If you have learned one thing in this whole dating scene jungle, it’s this: Heed the popular advice of a little brand called Nike, and just do it. After all, chemistry remains a VIP on that sacred internal checklist—and best to experience that apathetic “Meh” in person sooner, before attachment complicates a smooth exit.
Still, even if a bit jaded, you deep-down-wish for that simple-yet-profound, not overly rose-colored, not overly pragmatic, one-word, intuitive “Yes.” You still want your guy.
As it turns out, Current Bumble Guy is on-board with your left-field suggestion of meeting at Paper Source, so you meet him outside the store and awkwardly stumble on his foot as you go in for a hug. You chuckle over witty birthday cards, chat over craft beer, and text throughout the evening.
And, as it turns out, Current Bumble Guy, unlike his predecessors, proceeds to goes all in. He meets you at a wine event because, as he puts it, with a twinkle in his eye, he “just happened to be in the area”. He takes you to hear his friend play at Rockwood Music Hall. He cooks for you, and you spend the next day walking through Central Park, strolling around the Met and reciting The Giving Tree at Barnes & Noble before candid conversation over more craft beers. You love and hate the fact that you are living a rom com.
Three weeks in, he tells you he loves you--and adds, “You can’t say it until you mean it. And it’s okay if you’re not ready.”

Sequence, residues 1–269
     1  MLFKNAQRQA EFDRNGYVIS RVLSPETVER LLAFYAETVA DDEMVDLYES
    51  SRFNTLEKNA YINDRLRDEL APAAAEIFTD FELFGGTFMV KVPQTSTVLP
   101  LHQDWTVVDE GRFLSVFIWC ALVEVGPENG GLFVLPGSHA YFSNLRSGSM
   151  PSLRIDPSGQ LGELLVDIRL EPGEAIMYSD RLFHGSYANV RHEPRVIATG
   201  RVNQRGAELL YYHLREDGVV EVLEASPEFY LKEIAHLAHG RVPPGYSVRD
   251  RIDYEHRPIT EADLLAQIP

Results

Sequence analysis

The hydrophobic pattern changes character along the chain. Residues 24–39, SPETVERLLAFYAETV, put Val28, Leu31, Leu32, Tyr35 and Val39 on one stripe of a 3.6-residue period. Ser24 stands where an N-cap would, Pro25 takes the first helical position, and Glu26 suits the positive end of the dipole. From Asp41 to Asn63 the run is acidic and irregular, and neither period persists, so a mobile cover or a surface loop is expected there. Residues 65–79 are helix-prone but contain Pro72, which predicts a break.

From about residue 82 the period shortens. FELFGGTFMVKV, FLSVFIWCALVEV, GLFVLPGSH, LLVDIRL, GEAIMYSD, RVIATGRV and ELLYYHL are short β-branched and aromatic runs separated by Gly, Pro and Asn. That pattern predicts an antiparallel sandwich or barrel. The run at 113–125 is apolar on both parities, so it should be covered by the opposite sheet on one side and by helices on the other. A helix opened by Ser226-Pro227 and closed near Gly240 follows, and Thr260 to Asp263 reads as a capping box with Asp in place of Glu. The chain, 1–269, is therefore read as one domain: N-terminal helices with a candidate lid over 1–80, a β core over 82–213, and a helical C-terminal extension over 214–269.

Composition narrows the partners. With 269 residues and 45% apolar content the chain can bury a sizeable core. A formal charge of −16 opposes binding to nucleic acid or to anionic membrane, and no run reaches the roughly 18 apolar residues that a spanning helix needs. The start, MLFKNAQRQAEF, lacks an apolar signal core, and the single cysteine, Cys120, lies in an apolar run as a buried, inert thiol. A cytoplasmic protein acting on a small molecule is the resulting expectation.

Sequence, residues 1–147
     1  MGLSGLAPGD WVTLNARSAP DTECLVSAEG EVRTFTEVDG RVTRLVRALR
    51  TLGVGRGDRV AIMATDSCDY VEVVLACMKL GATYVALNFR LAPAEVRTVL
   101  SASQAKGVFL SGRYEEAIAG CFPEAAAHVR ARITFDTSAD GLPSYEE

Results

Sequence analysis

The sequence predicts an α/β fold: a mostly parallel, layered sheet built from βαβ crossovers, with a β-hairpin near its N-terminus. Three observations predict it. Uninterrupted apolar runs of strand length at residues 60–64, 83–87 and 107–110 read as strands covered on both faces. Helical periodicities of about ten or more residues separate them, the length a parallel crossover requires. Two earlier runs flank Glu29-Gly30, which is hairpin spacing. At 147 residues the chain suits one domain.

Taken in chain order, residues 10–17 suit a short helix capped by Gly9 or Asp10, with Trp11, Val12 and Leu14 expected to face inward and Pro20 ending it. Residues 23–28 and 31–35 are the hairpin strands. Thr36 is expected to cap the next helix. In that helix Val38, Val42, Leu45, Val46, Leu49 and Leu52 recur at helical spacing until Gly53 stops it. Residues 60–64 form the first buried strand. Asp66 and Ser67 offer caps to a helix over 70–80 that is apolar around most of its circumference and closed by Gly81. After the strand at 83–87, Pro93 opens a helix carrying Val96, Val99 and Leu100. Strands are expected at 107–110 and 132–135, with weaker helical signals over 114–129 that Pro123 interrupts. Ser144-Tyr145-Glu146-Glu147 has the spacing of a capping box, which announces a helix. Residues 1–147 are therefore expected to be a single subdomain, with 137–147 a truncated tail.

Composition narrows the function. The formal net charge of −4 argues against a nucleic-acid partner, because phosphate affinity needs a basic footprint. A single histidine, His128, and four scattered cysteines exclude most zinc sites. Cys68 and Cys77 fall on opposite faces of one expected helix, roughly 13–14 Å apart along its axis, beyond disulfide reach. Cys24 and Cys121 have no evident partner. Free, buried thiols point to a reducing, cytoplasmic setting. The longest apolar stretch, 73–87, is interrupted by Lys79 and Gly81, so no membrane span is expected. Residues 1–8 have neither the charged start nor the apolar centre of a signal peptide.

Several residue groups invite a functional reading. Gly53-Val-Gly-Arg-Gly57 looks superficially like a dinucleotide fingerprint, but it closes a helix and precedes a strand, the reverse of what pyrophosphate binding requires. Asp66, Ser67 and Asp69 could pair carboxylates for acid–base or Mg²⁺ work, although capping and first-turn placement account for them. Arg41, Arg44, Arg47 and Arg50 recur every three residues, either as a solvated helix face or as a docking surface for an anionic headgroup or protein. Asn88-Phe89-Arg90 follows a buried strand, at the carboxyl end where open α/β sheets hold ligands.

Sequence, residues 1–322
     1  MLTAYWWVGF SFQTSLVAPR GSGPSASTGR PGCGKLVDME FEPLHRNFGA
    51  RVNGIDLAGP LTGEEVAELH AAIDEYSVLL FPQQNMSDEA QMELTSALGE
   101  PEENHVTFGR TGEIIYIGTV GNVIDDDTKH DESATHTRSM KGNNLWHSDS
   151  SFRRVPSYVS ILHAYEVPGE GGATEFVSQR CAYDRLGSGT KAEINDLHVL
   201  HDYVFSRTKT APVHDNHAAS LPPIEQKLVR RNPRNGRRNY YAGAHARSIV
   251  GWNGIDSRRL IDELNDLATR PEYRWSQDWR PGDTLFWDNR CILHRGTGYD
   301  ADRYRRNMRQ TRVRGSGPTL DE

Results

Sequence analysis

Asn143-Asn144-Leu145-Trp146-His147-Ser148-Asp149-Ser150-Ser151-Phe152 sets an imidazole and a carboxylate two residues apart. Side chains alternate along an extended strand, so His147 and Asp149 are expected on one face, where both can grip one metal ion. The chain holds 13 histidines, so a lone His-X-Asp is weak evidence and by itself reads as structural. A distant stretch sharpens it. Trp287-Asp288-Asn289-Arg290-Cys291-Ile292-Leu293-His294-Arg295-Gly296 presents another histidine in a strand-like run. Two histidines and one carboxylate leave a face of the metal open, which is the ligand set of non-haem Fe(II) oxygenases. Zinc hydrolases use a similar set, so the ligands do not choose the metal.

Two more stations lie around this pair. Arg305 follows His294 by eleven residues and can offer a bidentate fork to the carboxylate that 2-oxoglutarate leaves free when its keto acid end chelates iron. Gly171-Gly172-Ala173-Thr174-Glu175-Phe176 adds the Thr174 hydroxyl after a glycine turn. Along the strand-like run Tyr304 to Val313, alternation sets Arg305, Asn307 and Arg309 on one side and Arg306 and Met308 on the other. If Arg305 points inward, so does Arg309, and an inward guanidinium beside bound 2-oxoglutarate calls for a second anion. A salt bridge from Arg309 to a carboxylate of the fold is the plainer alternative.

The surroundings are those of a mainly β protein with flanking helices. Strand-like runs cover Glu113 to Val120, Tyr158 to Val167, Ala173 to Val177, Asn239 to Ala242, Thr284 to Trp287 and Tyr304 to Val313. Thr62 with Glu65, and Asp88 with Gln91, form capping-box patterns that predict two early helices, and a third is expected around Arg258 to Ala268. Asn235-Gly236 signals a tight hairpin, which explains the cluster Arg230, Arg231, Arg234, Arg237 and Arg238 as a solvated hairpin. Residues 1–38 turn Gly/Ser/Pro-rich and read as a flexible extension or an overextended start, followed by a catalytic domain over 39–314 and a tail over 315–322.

He wants honesty, right from the beginning. And you honestly aren’t ready. So, in the spirit of honesty, you just say, “I’ve been burned before.”
Yet, somehow, over the next few weeks, you let yourself love him. Somehow, you reach that simple-yet-profound, not overly rose-colored, not overly pragmatic, one-word, intuitive “Yes.”
And you tell him you love him, too.
Over happy hour drinks five weeks in, you tell him that it’s perfectly okay if he sees other women while you’re in Italy. You tell him the truth: That you feel kind of guilty going into this whole thing knowing that you are leaving the country for two months.
You don’t tell him that, unlike him, you did not delete your Bumble profile the day after your first date. You also leave out the part about deciding to let what happens in Italy stay in Italy.
His response jars you: “Why are you telling me that?! Is it because you want to see other men? I don’t want to see other women. I love you.”